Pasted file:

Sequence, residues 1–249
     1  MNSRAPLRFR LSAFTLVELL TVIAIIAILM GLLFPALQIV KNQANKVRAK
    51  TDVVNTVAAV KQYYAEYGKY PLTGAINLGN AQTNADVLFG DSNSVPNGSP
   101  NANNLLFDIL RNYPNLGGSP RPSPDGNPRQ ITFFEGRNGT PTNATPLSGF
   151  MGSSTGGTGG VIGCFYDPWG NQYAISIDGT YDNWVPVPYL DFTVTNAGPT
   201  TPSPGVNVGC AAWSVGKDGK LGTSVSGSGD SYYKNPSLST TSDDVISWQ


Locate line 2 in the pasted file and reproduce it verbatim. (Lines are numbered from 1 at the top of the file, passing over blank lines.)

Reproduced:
     1  MNSRAPLRFR LSAFTLVELL TVIAIIAILM GLLFPALQIV KNQANKVRAK